Patna: The 126-year-old Khuda Bakhsh Oriental Public Library needs administrative and financial overhaul. Its derelict condition is also threatening the intellectual culture in the state capital.
The audit report of the Comptroller and Auditor General of India in 2015-16 reveals serious financial and administrative discrepancies in its functioning. The report states overstatement of lakhs of rupees, lack of internal audit system and office procedure manual. Apart from this, the key posts of administrative officer and library information officer have been lying vacant since 2013 and 2011, respectively.
“The library is not to read books only but it is also a place of vibrant intellectual activity and culture in which distinguished scholars, writers, philosophers and other dignitaries could speak. The lack of it prevents the enlightenment of our younger generation,” said Dr Imtiaz Ahmed, the former director of the library.
The report also states that unutilised funds are neither utilised nor returned in time. The governing board meeting is not held in time, which is prescribed to be held in six months under the Khuda Bakhsh Library Act, 1969.
The serious financial indiscipline is intriguing, the library administration incurred expenditure of over Rs 1 lakh on seminars in 2015-16. However, a source in the library said: “Apart from the celebration on Khuda Bakhsh day, no educational seminars are held.”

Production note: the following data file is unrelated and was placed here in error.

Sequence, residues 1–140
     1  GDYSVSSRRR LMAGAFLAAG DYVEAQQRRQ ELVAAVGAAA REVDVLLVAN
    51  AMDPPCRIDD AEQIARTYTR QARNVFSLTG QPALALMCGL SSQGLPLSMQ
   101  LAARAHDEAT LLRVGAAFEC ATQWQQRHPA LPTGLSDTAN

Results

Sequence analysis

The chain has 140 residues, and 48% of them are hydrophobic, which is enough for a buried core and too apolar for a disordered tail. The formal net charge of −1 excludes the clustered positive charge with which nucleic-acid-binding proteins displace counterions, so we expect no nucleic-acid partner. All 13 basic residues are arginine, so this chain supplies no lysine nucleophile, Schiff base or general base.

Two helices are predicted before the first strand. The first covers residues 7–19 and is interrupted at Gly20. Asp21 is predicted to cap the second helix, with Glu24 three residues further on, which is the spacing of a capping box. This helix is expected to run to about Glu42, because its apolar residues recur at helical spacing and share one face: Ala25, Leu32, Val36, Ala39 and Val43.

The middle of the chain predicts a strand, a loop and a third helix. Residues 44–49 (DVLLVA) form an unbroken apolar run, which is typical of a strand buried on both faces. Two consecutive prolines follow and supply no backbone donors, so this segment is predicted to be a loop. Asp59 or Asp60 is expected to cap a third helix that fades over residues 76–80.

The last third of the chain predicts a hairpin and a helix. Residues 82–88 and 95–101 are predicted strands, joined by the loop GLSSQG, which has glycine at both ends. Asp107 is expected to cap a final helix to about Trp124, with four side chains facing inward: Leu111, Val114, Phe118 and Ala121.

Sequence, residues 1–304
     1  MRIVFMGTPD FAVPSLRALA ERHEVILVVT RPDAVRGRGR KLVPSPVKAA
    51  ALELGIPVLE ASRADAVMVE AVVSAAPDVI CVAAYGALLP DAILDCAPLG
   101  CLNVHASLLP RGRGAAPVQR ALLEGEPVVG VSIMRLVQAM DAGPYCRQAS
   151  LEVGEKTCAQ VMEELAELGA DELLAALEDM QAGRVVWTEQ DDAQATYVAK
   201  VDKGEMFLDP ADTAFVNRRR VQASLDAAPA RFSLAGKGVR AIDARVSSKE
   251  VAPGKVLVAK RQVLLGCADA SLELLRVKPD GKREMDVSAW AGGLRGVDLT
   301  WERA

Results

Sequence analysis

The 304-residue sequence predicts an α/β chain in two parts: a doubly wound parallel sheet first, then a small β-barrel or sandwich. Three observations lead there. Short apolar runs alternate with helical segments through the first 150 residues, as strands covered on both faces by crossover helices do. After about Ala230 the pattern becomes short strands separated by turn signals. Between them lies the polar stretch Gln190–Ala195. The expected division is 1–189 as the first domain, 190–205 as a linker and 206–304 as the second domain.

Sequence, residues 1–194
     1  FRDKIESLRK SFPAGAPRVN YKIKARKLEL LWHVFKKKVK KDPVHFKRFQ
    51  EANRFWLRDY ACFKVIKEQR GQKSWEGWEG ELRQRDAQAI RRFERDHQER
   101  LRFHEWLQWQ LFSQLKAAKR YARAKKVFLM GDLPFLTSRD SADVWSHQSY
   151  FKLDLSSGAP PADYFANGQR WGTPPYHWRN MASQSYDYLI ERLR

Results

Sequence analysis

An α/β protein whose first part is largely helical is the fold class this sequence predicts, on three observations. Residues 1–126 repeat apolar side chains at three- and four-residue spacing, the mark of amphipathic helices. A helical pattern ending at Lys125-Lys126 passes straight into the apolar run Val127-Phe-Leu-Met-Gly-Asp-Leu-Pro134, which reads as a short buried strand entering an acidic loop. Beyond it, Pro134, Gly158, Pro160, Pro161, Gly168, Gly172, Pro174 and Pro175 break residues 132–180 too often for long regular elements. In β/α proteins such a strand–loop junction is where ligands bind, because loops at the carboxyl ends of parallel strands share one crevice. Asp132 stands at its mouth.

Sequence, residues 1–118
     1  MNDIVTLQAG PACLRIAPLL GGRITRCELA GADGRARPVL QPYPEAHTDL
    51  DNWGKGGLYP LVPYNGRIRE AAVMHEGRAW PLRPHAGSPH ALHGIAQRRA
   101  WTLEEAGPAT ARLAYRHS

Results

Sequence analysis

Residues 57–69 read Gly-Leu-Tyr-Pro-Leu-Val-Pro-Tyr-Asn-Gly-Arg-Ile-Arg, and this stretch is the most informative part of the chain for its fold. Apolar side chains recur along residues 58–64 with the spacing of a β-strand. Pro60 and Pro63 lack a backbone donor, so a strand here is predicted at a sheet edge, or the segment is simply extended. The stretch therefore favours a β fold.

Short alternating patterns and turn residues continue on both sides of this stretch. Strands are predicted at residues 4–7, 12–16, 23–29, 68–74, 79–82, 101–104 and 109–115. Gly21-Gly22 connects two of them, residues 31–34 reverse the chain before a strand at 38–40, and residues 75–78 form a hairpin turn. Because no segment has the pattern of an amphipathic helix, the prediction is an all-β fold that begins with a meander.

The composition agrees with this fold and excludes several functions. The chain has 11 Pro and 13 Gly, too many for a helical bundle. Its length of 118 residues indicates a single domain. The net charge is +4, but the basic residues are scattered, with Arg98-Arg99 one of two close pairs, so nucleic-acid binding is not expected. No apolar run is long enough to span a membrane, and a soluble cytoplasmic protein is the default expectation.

The Telegraph tried to reach Patna divisional commissioner Anand Kishor but he did not respond.
“We lack basic facilities in the library premises like availability of clean drinking water and sanitation, while the government provides huge grants to the institution,” said Kamal, a reader.
“I feel very sad knowing about its present condition. The real problem lies with the Union ministry of culture. Acknowledging its intellectual value, the concerned ministry should have been taken more interest in it,” said Imtiaz. “However, lack of a chief is an issue but the routine matters like educational activities, water and sanitation should be taken care of by the people working there.”
Courtesy: The Telegraph